Above: Matthew Thomas.
ON A WARM SEPTEMBER WEEKEND last year, the Taos Historic District was transformed from quaint to cool when an avant-garde carnival of arts lit up the streets. A giant sculpture of a tarantula stalked the roadside, while a huge mechanical bird flapped its metallic wings in Kit Carson Park. Abstract projections floated on the walls of historic churches, and spectators became participants by writing their own Love Letters to the World for artist Edie Tsong to broadcast through a bullhorn from atop a precariously high stepladder in the middle of the road.
These were just a few of the sights at the 2015 Taos Paseo, which was the second annual edition of an event that’s the brainchild of artist and architect Matthew Thomas. For two days and nights (September 23–24 this year), the Paseo brings the heart of Taos alive with installations, performances, and what Thomas calls “art you can’t hang on the wall.”
It’s certainly rare (and even feels slightly radical) to join crowds of people out on the streets of Taos after dark—a street party not just for culture vultures, but for curious families with kids.
“Longtime Taoseños come up and say, ‘I’ve never seen my town like this,’” says Thomas.
He first conceived of the Paseo as a kind of outdoor art pathway to connect the various venues of the much-loved Taos Fall Arts Festival.
“Paseo literally transforms the streets of Taos with art,” says Thomas. “There are no screens, no stages; everything interacts with the architecture. The town becomes the stage. The artist is there to talk to, it’s 100 percent free, and you can be a part of it—you get to activate the piece.”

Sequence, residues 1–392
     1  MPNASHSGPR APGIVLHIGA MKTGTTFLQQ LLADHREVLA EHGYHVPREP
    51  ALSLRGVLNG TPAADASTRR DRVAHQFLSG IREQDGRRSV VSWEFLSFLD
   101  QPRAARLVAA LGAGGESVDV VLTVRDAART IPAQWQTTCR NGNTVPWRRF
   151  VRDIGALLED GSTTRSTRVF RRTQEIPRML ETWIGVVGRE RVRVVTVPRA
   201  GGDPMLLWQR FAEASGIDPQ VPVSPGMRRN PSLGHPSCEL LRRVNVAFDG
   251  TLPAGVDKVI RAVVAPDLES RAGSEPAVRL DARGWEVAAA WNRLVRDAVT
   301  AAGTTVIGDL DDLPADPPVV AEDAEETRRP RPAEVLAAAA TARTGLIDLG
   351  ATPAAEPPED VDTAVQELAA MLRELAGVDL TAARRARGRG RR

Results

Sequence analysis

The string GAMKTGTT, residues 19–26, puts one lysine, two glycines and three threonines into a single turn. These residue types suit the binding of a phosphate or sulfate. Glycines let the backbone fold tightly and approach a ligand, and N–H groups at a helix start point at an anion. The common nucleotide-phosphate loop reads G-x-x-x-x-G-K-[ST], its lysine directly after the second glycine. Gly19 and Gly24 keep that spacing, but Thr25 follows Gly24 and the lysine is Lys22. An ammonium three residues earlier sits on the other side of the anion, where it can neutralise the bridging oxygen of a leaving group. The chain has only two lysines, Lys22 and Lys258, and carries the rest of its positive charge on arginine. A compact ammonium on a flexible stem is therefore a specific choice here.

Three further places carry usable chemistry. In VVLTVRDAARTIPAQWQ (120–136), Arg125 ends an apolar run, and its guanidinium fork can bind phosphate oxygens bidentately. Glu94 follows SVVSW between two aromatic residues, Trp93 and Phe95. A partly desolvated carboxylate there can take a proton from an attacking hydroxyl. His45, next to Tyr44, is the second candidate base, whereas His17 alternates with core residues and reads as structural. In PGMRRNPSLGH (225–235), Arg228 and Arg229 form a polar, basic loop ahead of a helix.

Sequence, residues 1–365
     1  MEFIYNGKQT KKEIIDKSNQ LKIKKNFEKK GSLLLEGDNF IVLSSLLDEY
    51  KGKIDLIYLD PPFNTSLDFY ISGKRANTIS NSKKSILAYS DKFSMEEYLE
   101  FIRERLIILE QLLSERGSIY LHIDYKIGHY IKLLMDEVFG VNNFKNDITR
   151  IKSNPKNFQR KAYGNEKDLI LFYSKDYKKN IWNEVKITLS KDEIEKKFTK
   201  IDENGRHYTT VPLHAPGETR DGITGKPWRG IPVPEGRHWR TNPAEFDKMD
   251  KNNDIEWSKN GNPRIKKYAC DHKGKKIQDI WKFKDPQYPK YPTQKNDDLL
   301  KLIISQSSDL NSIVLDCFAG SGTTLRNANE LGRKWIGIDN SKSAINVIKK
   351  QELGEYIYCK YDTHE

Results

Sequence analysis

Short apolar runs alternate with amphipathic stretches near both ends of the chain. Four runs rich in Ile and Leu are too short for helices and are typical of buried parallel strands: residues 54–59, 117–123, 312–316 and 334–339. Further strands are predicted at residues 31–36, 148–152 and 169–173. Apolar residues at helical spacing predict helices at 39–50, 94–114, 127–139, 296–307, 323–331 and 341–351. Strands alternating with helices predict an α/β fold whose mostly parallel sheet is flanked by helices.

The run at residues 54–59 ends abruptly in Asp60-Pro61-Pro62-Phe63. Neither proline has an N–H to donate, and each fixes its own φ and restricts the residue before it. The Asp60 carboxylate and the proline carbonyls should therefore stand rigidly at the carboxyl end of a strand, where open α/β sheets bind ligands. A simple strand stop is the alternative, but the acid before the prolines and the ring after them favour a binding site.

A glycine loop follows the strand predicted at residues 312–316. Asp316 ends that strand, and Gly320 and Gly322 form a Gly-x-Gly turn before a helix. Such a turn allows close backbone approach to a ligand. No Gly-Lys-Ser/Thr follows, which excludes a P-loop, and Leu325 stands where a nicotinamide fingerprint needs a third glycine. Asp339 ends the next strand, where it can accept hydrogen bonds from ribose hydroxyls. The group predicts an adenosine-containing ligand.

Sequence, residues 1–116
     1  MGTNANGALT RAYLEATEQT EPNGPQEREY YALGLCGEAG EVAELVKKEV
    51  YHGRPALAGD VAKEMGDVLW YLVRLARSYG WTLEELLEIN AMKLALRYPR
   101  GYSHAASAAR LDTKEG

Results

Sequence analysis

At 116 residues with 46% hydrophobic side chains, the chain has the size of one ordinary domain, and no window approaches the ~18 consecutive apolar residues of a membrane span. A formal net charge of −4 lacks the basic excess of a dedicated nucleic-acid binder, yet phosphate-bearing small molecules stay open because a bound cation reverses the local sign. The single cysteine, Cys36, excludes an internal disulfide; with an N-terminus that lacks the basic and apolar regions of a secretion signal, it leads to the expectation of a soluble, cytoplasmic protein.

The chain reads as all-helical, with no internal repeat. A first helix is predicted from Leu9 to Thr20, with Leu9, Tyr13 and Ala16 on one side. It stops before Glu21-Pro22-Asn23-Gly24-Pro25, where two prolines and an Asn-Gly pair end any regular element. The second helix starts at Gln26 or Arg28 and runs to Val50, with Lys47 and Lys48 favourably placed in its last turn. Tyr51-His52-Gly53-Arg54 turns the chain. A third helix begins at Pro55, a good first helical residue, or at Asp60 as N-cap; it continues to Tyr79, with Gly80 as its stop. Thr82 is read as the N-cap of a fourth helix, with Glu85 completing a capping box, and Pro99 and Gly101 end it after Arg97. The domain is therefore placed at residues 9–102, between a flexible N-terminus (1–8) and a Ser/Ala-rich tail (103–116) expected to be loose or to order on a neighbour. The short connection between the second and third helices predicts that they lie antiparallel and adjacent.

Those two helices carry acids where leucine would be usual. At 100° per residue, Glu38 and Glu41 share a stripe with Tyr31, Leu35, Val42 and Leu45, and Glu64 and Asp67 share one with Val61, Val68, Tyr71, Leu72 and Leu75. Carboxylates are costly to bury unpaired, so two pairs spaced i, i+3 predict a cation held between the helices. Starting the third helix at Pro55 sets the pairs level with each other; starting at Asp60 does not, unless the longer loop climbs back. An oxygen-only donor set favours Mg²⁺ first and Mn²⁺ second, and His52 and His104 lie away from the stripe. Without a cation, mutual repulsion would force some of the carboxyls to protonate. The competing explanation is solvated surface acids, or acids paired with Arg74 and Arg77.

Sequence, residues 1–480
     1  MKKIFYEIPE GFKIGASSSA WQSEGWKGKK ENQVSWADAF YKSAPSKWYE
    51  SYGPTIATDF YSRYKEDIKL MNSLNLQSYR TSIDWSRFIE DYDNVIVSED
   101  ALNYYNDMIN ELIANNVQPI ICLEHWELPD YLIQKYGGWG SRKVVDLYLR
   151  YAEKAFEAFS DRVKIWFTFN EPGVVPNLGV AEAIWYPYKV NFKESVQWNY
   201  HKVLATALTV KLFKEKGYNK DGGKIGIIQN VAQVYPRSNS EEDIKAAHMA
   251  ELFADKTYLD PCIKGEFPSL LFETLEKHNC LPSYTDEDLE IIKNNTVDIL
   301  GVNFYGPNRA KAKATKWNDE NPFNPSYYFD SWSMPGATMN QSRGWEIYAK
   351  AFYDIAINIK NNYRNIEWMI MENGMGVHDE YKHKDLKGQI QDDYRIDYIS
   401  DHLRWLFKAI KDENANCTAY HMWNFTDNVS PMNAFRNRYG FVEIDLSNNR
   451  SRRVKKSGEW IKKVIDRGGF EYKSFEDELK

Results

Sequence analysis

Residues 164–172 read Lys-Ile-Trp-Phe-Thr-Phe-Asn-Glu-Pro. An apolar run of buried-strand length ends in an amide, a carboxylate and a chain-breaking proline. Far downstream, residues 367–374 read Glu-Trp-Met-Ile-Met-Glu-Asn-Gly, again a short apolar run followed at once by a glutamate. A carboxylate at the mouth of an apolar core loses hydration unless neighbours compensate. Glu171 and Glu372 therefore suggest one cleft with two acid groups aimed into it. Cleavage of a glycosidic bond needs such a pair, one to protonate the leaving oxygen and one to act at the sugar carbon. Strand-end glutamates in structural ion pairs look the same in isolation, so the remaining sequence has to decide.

For instance, the legs of the giant tarantula are animated by the human noises around it, and the big bird’s wings flap when a passerby climbs inside and pedals the contraption like a bike.
“This art is supposed to wake us up,” says Thomas. “A two-story spider in a parking lot? You’ll stop, get out of the car, and maybe dance under the spider. To me it’s about making memories. Later, you drive by and remember.”
Although Thomas is clearly some sort of visionary, he’s a modest one. We’re sitting in his beautifully renovated home in a pastoral Taos valley, and every time I compliment his leadership of the Paseo, he shifts on his slightly squeaky banco and reminds me that the event is not all him. It’s a collaboration that includes co-director Agnes Chavez, a jury of art experts from Berlin to San Francisco, and a band of 250 “amazing volunteers.”
Above: Experiencing Marion Claire Wasserman's Dream Tent X2, at the Paseo.
True. But few people in Taos can motivate as many people as Thomas can. “Matt can bring people together,” says Chavez. “He has these really strong collaborative communication and negotiation skills, and he’s very good at unifying diverse sectors. He never focuses on the obstacles. Everything is possible!”
Thomas is not so much charismatic as he is just extremely likable and sincere, inspiring trust and making various people believe in the potential of his many ideas. His passion for bringing unexpected life to downtown combines his architecture and urban design training with his family history. His shoemaker great-grandfather emigrated from Lebanon through Ellis Island and opened a store in Jefferson City, Missouri. Thomas worked summers in the store for his dad. “I grew up downtown in our little Main Street America, as quaint as you can imagine, mom-and-pop shops and Fourth of July celebrations,” recalls Thomas. “I grew up in that energy, knowing the importance of community, having a space for us to collect and be.”
Thomas himself moved to Taos in 2003 to intern with a local architecture firm.